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Cancer patients who are having trouble working can look to the Americans with Disabilities Act for the potential to receive “reasonable accommodations” for their disability under the law. Another source of rights for cancer patients is the Family and Medical Leave Act (FMLA). The ADA provides that “reasonable accommodations” include but are not limited to “job restructuring, reassignment to a vacant position, and part-time or modified work schedules.” While the ADA does not explicitly require employers to offer teleworking (working ffom home or another remote location other than the employer’s primary office), it must allow individuals with cancer an opportunity to participate equally if such a program is indeed in place. The FMLA, which is enforced by the Department of Labor and applies to employees whose employers have 50 or more employees with 75 miles of their worksite, provides eligible cancer patients with the right to take medical leave including intermittent or reduced schedule leavee if they meet certain requirements. For a cancer patient to be covered by the FMLA, the employee is required to have been employed for at least 12 months by the employer from when they seek leave and for at least 1,250 hours in the 12-month period immediately preceding the request for leave.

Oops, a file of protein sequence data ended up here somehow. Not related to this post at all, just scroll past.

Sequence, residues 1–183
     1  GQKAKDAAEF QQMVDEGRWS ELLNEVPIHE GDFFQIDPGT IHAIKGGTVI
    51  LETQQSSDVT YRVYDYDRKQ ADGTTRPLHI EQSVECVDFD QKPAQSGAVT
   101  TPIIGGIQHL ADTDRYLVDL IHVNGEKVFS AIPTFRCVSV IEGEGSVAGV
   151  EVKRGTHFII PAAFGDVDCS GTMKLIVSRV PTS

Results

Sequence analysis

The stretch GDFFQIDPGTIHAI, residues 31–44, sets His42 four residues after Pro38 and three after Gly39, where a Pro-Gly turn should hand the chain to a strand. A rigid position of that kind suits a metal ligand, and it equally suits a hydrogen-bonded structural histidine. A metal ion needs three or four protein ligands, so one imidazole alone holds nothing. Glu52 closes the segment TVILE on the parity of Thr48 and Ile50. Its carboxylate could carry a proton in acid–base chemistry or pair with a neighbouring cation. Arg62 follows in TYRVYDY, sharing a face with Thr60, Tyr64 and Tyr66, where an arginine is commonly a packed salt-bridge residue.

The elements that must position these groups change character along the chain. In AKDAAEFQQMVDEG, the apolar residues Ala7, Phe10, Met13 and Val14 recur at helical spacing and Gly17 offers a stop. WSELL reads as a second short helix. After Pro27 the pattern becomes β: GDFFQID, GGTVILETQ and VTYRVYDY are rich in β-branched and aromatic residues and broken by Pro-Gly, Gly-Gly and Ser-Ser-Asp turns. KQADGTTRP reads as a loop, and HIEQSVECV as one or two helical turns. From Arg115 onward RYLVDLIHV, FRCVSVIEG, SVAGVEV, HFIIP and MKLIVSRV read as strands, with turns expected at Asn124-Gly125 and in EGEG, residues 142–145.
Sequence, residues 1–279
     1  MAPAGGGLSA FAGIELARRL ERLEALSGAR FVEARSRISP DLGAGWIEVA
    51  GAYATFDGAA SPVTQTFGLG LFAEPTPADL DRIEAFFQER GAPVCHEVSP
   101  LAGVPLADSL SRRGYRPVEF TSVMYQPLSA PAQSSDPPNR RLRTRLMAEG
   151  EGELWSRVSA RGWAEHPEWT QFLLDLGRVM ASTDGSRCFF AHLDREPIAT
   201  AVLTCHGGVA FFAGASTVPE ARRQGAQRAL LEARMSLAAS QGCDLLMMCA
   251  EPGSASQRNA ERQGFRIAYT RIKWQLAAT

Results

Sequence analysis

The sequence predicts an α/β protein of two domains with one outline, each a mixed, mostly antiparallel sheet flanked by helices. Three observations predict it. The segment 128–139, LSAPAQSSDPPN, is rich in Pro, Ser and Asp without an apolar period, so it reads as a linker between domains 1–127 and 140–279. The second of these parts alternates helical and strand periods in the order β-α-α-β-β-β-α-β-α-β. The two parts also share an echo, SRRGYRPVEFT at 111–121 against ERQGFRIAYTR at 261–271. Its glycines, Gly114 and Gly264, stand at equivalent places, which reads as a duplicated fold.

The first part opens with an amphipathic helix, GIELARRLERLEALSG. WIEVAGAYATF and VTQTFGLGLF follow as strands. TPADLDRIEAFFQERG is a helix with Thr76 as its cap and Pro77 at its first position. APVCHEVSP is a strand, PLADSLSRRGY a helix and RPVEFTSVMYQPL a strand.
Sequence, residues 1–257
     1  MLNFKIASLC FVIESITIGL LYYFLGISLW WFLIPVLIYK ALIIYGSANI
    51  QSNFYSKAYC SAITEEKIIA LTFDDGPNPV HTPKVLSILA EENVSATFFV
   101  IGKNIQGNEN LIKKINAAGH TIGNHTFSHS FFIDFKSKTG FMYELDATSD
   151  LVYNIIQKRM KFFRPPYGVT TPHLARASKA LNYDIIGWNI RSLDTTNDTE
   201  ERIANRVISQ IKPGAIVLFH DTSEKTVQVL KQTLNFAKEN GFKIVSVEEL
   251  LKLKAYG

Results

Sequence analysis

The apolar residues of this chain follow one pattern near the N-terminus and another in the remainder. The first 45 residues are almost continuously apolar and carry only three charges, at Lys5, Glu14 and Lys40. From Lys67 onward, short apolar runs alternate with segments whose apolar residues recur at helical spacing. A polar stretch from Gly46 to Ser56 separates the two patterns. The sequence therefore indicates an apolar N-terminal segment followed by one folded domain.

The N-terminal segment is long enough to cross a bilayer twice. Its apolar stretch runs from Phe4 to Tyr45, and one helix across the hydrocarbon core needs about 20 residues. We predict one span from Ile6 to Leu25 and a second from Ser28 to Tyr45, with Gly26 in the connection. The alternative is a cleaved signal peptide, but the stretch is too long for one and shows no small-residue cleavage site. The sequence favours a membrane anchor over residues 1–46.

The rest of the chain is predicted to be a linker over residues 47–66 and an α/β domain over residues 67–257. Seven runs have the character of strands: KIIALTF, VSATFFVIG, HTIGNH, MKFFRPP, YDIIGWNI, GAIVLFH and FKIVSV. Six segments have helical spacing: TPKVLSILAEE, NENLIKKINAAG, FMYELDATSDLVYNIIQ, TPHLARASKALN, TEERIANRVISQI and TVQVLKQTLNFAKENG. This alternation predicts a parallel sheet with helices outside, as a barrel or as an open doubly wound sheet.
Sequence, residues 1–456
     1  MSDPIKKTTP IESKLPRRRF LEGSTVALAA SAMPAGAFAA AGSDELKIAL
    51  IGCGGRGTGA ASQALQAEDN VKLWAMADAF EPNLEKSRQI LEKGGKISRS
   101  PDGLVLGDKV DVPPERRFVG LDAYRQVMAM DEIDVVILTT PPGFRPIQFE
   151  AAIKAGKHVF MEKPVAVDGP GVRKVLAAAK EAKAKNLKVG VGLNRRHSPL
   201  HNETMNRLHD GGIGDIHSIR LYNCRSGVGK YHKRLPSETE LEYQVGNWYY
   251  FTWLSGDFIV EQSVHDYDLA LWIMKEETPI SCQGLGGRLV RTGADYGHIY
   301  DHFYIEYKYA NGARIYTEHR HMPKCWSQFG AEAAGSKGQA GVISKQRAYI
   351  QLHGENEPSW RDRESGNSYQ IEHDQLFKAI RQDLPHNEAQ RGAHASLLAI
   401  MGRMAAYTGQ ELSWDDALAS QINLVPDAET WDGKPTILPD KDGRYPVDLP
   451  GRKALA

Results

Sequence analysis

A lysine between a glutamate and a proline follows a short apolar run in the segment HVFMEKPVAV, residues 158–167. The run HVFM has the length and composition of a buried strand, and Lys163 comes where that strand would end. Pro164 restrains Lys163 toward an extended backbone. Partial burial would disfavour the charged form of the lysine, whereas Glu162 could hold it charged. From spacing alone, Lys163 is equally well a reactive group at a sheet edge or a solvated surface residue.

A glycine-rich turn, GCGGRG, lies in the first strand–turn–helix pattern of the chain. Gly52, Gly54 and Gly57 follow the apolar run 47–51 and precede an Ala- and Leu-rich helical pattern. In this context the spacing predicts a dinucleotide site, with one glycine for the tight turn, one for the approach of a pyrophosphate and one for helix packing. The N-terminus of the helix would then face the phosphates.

While a relatively large percentage of cases where employees with cancer sue for reasonable accommodations end up being settled favorably prior to going to trial, there have been a few court decisions on the subject. One such case is Garcia-Ayala v. Lederle Parenterals, Inc., where the Court ruled that reasonable accommodations may include “job restructuring, part-time or modified work schedules, ․ and other similar accommodations for individuals with disabilities.”. Furthermore, the court ruled that for such reasonable accommodation as a modified or reduced schedule to be denied, an employer must show that it would be suffering an undue hardship based on the employee’s recovery needs and the employer’s available resources. In this case, the employee’s position was filled with temporary employees for over 6 months after she was fired. The Court found that the company’s use of temporary employees demonstrated that it could have left the employee’s position open for another two months to allow her to return from cancer related leave.

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